I would say I’m a liker. It’s good, brightens things up but I can do without. Now basil, I LOVE.
Good to know. I consider myself corrected. There IS middle ground, here, apparently …
Rogue 24 needs to take pointers from Komi. Komi is the perfect example of a restaurant growing and gaining acclaim before jumping to pretention. And even now, Komi is not the least bit pretentious. I’m a young diner, and was served like royalty there. Getting to talk to Chef Johnny Monis at the end was icing on the cake. He has every right to display arrogance, but is the most grounded chef I’ve ever met.
More restaurants around the country could take pointers.
I mean, how refreshing, in a world of endless marketing and promotion, of trend-humping and bandwagoneering, of the ceaseless commodification of everything, to find a place like this in our midst. More than refreshing — affirming.
I LOVE cilantro
Another one in the pro-column. The pro’s are far outnumber the con’s …
Back about 3 weeks ago I hosted dinner for 8 at one of Dc’s top restaurant’s. I was required to guarantee the reservation which I did with my Amex Black. I called as required to confirm etc. We showed up and the bill was $5K even with tip. There were no problems at dinner,. Food, wine etc were all great. Now I was told if we cancelled we would be charged a fee for lost revenue etc. Well we didnt cancel but 72hrs later that fee along with the $5k both posted to my card. I called Amex to dispute both charges because I was hot and had not gotten any satisfaction from the restaurant when I called asking for an explanation. Amex removed both charges from bill. Restaurant is threatening legal action against me and Amex. I told the chef/owner to bring it. Amex is backing me.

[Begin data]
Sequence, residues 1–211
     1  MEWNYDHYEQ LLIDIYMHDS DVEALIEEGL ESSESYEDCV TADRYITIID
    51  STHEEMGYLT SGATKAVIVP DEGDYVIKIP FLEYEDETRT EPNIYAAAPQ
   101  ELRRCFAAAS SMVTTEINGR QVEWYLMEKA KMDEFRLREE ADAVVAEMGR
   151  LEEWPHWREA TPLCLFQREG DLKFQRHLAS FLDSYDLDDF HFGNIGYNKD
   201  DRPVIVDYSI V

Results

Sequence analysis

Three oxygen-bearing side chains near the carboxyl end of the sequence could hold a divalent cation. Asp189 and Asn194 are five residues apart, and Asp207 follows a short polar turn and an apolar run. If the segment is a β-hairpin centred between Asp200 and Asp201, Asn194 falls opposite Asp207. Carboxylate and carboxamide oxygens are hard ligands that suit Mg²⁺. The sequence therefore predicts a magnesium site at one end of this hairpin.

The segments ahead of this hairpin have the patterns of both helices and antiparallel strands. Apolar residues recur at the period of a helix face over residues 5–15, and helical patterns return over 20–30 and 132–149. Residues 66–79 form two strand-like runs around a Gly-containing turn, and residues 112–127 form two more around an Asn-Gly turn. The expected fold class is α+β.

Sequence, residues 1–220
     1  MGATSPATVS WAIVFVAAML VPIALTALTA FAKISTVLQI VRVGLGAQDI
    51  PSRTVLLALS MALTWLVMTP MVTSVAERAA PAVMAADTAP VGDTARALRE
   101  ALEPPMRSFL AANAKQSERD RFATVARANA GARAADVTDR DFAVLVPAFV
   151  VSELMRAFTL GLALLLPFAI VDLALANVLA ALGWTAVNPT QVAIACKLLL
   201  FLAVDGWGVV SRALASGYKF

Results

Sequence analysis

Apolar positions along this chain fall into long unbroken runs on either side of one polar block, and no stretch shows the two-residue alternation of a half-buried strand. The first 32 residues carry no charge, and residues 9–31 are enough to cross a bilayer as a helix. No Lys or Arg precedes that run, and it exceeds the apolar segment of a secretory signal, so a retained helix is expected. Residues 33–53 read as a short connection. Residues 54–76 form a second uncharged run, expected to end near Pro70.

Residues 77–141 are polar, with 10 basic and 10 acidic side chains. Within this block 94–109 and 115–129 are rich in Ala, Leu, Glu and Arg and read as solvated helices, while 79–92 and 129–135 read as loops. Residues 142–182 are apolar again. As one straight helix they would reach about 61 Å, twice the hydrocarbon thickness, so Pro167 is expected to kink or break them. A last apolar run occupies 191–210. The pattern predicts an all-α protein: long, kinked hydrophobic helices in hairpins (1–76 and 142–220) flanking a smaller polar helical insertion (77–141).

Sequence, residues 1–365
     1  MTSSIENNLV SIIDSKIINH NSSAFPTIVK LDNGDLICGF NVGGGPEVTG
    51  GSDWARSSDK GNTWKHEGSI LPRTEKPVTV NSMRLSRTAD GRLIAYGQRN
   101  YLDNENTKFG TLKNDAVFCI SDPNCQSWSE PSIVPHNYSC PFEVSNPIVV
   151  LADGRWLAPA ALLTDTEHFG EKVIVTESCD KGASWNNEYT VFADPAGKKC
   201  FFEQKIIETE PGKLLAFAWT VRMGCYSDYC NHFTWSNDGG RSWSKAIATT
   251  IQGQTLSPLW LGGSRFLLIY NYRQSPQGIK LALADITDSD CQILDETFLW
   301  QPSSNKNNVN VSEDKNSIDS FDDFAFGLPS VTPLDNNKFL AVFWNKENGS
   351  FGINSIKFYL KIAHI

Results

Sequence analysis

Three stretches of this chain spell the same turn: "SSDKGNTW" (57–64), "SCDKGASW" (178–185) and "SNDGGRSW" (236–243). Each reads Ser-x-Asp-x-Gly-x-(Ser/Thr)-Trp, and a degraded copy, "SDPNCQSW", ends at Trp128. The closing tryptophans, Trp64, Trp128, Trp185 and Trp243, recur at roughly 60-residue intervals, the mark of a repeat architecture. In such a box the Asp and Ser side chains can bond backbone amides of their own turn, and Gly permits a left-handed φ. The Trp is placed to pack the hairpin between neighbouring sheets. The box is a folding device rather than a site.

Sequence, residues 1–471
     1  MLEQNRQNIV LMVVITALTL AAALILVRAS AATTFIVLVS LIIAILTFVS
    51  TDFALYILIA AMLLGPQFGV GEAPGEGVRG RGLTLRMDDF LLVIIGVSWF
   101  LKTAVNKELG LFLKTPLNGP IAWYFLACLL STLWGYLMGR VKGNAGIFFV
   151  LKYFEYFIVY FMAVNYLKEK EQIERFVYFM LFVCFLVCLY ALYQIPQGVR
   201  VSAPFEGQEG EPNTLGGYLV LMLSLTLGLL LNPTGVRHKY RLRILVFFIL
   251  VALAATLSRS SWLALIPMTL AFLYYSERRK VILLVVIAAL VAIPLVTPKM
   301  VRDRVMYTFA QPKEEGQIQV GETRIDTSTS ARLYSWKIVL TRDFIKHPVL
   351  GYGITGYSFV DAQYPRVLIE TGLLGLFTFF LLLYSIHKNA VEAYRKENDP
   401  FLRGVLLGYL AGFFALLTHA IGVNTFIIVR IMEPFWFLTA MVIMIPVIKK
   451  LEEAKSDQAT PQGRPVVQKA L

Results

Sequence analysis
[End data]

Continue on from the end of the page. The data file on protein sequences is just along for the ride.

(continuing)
Huh? I don’t understand how you can dispute the bill itself …
Anyway, what a mess …
Cilantro in moderation and when appropriate. its not parsley.
Now that’s interesting — I don’t think I’ve ever met someone who would go to bat for parsley like that …
You really like it THAT much, Clifton?
How are you, bud? Quiet day on your end. Only the one question I see in the chat queue, not the usual four or five. You must be tired. Those gun-hating socialists in Maryland working you too hard?
I make cilantro pesto and slather it on everything!! grilled cheese w/ cilantro pesto anyone?